The U.S. Army Security Assistance Command, known as "the Army's Face to the World" because of its close working relationships with more than 140 countries and security organizations around the world, oversees and manages over 6,500 foreign military sales cases in its security assistance portfolio.
With hundreds of lines of requirements and decision points to consider, and customers who might be on the other side of the globe, timeliness and efficiency may be sacrificed. Without dedicated monitoring and ongoing assessment of these cases, small problems can quickly become larger complex and challenging issues.
To combat that challenge, USASAC developed the Security Assistance Liaison Office, staffed with military representatives from partner countries. USASAC officially opened the SALO program office in February 1991, at their New Cumberland, Pennsylvania location, and a mere two hours from our nation’s capital, where many country embassies are located.
Now 30 years later, Brig. Gen. Douglas Lowrey, the commander of USASAC, realized that many allies and partners had limited knowledge of this unique and highly effective program. While meeting with senior foreign leaders in Washington DC, Lowrey decided to fill that gap in knowledge and extended an invitation to see first-hand the SALO program.
“Talking to USASAC leaders I realized that we needed to get these senior foreign leaders up to New Cumberland so they could see all the great work being done by these SALOs, from 13 different countries, which directly impacts the success of their FMS cases,” Lowrey said.
Within days the staff from USASAC’s New Cumberland office, planned, coordinated, invited, and hosted eight partner defense force attachés, and their senior staff at the SALO office at New Cumberland.
The purpose of the on March 23 visit was to provide a face-to-face experience with the SALO program, and the foreign military liaison officers, who effectively and efficiently manage their respective countries FMS cases.
Lowrey provided the opening remarks and expressed appreciation to the defense attachés and their staff for traveling and attending the briefing to develop a deeper understanding of how their country could benefit by assigning a SALO to keep track of their cases.
According to Michael Casciaro, the G-4 logistics management director at USASAC NC, one of the benefits of SALOs being located in Pennsylvania is that is where the country case managers who handle FMS execution issues such as supply, requisition, transportation delivery, and budget/finance are located, which allows for easier interface and coordination.
He also emphasized that countries that have high-value FMS cases, especially ones focused on aircraft, helicopters, tracked or wheeled vehicles, would significantly benefit by having a SALO working side-by-side with the USASAC team.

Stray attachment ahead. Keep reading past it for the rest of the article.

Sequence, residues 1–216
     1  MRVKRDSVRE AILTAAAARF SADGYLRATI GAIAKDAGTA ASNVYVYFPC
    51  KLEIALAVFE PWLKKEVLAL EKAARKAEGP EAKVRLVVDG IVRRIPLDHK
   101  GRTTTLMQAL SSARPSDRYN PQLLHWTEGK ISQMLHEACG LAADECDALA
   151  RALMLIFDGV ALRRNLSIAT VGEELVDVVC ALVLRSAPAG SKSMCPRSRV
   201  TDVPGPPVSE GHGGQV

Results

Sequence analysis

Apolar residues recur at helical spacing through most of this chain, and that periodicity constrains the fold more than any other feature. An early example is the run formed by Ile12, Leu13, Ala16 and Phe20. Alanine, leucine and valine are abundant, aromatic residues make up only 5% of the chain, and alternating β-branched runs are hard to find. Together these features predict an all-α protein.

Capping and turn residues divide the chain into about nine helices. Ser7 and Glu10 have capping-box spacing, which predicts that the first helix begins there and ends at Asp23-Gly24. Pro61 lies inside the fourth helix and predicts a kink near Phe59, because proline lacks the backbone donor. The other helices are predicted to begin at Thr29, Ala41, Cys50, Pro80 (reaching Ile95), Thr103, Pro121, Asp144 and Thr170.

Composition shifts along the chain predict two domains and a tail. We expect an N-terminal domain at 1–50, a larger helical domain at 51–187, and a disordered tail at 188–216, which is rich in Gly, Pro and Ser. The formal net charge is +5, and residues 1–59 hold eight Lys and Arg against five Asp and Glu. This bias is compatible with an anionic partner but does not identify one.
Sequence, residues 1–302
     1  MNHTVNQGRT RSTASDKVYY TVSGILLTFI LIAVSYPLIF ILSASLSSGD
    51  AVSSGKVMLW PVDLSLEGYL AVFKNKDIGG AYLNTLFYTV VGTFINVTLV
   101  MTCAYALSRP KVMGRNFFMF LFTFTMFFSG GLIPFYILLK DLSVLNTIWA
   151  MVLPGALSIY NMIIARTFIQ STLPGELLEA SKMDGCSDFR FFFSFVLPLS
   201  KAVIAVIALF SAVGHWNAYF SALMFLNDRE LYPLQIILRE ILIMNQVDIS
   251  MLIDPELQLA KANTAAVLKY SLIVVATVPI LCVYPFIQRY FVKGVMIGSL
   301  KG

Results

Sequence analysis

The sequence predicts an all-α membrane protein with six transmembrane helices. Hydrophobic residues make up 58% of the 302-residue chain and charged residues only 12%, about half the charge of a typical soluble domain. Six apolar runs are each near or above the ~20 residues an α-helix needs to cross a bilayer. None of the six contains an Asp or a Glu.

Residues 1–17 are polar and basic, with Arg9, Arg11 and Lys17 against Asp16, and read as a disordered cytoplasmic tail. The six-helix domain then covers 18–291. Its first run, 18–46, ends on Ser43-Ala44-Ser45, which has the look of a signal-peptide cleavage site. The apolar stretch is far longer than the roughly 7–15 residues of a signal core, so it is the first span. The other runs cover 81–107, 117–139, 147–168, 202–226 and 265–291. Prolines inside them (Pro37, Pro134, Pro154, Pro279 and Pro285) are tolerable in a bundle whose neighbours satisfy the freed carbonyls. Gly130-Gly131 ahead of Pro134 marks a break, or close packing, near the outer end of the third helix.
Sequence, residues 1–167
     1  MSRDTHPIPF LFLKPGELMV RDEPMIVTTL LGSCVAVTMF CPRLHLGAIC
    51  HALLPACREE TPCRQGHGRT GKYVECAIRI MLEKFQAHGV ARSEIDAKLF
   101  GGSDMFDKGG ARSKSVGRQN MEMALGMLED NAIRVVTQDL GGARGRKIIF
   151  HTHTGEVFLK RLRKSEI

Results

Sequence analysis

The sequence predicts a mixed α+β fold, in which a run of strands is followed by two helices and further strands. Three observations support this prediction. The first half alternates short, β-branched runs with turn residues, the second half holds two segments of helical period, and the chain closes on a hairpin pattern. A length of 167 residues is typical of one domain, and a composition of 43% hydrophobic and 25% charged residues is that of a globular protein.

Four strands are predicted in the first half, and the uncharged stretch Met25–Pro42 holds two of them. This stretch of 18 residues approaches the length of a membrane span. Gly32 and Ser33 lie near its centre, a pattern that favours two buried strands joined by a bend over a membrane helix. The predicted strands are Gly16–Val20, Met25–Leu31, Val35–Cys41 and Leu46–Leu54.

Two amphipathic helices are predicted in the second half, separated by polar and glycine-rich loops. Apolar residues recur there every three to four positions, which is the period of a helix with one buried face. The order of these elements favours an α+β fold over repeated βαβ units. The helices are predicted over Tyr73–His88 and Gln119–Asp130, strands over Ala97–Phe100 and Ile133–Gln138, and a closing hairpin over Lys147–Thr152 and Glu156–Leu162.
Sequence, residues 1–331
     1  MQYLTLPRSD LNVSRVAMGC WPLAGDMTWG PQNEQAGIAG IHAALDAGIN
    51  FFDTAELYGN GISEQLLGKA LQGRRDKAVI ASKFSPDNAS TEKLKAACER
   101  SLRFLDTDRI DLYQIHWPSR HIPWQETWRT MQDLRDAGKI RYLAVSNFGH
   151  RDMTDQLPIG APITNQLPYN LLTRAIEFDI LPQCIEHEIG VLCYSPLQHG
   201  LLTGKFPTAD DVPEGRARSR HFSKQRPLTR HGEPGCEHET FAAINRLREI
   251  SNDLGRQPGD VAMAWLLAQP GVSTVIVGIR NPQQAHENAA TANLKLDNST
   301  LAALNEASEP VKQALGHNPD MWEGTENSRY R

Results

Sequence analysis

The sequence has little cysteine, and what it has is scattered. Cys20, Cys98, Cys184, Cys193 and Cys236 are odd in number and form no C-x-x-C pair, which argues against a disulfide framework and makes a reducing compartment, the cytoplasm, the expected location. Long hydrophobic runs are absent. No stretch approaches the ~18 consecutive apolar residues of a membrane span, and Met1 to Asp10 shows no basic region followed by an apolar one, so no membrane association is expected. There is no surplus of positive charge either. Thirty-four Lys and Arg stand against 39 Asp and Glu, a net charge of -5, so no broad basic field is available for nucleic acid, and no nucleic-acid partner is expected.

Since the SALOs are able to access similar databases and systems to the country teams, SALOs are able to run real-time reports, to track and monitor country cases and assign priorities as needed.
Squadron Leader Christiaan Meddens, the Royal Australian Air Force SALO, shared how their team was able to prevent, through timely and effective analysis, a major delay to a significant case. He did this by working closely with the country case manager and support agencies. The SALO team’s efforts resulted in maintaining operational capabilities and significant financial savings for the Australian Defense Force.
Command Sgt. Maj. Sean Rice, the senior enlisted advisor at USASAC, noted that although SALOs are all military officers, that USASAC was in collaboration with the senior enlisted leaders of Army Materiel Command, the Defense Security Cooperation Agency, and the Security Force Assistance Command to present options and opportunities for non-commissioned officers of our partners and allies.
The SALO program manager, Terra Good, also stressed the importance of face-to-face relationships formed over work and social interactions. On a regular basis, these foreign officers interact with not only with the military and civilian community on the military post they are assigned to, but also members of the community where they live.
“Building trust with our SALOs, understanding cultures and having these wonderful international relationships gives all of us a better understanding of one another’s challenges and viewpoints,” Good said. “This is a very special program and I’m honored to be able to help our partner forces modernize their programs, while building partnerships for life.”
Editor’s note: SALO positions are funded by the country’s FMS sales, known as Title 22 funds, and are not funded by U.S. taxpayers.